WATCH

Fox News' Wallace Slams Network's 'Opinion People' for Distorting Facts of Mueller Investigation

'Some opinion people, some opinion people who appear on this network, who may be pushing a political agenda'

Attorney General nominee William Barr is sworn in before the Senate Judiciary Committee on Capitol Hill in Washington, January 15, 2019.
Carolyn Kaster/AP Photo

Fox News host Chris Wallace slammed “some opinion people” on his own network Wednesday after host Laura Ingraham accused him of agreeing “with these other cable networks” in his coverage of Attorney Bill Barr and Robert Mueller’s letter to Barr.

“Now, I know Chris Wallace at the top of your hour was indicating that I guess that he kind of agrees with these other cable networks that this was an attempt by the DOJ to spin what the conversation was between Barr and Mueller," Ingraham said on Wednesday.

She added, "So I don’t know if Chris Wallace has information that I don’t have, but that he is saying that Barr is perpetuating a lie about this conversation between him and Mueller?”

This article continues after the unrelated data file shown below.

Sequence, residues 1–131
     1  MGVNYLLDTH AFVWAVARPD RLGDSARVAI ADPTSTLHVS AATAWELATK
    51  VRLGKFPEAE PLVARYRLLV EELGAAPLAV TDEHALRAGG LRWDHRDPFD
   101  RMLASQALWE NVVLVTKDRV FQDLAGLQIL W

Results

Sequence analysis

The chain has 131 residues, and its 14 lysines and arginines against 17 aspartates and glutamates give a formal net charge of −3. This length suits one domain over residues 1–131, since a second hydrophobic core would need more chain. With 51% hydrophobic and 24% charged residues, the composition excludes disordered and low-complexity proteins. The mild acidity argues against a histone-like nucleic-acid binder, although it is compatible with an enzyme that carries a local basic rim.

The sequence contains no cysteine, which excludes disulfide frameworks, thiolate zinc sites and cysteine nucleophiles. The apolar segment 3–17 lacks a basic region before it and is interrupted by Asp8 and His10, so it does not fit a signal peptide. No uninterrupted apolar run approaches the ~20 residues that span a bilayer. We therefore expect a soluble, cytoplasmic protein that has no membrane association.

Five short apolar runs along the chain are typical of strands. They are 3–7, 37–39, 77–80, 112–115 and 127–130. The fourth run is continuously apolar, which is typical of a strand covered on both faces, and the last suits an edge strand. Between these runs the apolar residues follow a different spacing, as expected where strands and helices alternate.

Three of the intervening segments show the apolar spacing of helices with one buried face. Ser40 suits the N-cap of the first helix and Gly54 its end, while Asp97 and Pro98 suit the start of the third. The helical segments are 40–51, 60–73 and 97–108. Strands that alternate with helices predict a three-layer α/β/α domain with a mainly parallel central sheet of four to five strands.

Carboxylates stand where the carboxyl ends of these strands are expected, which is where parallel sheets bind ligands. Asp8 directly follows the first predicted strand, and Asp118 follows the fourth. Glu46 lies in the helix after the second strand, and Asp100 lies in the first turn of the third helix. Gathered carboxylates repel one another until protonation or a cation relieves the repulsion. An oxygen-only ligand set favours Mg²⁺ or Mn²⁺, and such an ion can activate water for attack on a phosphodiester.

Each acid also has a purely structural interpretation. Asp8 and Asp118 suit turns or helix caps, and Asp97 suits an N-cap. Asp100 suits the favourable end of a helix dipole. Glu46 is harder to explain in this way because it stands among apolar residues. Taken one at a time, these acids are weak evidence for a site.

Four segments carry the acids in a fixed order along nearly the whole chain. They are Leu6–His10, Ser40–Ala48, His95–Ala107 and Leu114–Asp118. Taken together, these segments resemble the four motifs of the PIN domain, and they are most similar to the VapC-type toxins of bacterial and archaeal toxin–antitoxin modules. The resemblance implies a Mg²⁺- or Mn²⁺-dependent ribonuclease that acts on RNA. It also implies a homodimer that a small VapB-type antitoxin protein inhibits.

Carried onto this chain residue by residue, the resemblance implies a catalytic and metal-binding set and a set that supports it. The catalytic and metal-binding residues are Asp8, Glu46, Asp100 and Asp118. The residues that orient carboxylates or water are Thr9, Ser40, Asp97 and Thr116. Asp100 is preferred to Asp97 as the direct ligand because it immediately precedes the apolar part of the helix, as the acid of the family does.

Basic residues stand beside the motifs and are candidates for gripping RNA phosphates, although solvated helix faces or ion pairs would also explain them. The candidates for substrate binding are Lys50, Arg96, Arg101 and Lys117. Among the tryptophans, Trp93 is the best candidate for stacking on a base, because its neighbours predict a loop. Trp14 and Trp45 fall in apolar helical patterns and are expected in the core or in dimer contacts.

Read more: Fox News' Hannity reportedly worried Murdochs want to dump Trump

Hours later Wallace responded in a segment of his own.

“I know there are some people who don’t think this March 27 letter is a big deal,” Wallace said. “Some opinion people, some opinion people who appear on this network, who may be pushing a political agenda.”

“But, you know, we have to deal in facts. And the fact is that this letter from the special counsel, and it was one of at least three contacts with the Attorney General between March 25 and March 27, was a clear indication that the [special counsel] was upset, very upset, with the letter that had been sent out by the Attorney General, and wanted it changed, or wanted it at least added to and the Attorney General refused to do so,” he continued. “He felt the Attorney General’s letter was inaccurate.”

“What he says in the letter is, ‘You didn’t reflect what we found in the report,’ and there were a lot of people—having read now the full report, or as much as it has not been redacted—agree that he didn’t reveal what was fully in the report,” Wallace argued.

“Again, those aren’t opinions, that’s not a political agenda, those are the facts.”